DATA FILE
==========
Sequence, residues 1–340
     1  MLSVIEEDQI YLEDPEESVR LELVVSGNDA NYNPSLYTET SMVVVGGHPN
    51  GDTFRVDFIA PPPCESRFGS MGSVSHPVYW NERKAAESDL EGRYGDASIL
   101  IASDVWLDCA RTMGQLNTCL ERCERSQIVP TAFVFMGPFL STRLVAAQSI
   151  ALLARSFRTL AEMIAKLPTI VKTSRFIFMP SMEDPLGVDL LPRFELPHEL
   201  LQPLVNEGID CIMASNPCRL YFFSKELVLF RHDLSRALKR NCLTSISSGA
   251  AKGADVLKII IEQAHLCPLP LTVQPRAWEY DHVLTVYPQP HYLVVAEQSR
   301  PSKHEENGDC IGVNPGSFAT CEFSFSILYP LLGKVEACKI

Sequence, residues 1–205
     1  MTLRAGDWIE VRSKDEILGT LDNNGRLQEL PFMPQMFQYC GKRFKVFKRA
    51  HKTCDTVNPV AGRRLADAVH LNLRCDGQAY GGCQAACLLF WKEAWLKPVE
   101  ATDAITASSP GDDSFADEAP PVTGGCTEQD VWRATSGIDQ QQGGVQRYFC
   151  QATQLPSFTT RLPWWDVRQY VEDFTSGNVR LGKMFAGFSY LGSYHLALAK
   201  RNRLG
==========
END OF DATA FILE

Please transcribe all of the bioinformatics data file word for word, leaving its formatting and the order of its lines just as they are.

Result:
Sequence, residues 1–340
     1  MLSVIEEDQI YLEDPEESVR LELVVSGNDA NYNPSLYTET SMVVVGGHPN
    51  GDTFRVDFIA PPPCESRFGS MGSVSHPVYW NERKAAESDL EGRYGDASIL
   101  IASDVWLDCA RTMGQLNTCL ERCERSQIVP TAFVFMGPFL STRLVAAQSI
   151  ALLARSFRTL AEMIAKLPTI VKTSRFIFMP SMEDPLGVDL LPRFELPHEL
   201  LQPLVNEGID CIMASNPCRL YFFSKELVLF RHDLSRALKR NCLTSISSGA
   251  AKGADVLKII IEQAHLCPLP LTVQPRAWEY DHVLTVYPQP HYLVVAEQSR
   301  PSKHEENGDC IGVNPGSFAT CEFSFSILYP LLGKVEACKI

Sequence, residues 1–205
     1  MTLRAGDWIE VRSKDEILGT LDNNGRLQEL PFMPQMFQYC GKRFKVFKRA
    51  HKTCDTVNPV AGRRLADAVH LNLRCDGQAY GGCQAACLLF WKEAWLKPVE
   101  ATDAITASSP GDDSFADEAP PVTGGCTEQD VWRATSGIDQ QQGGVQRYFC
   151  QATQLPSFTT RLPWWDVRQY VEDFTSGNVR LGKMFAGFSY LGSYHLALAK
   201  RNRLG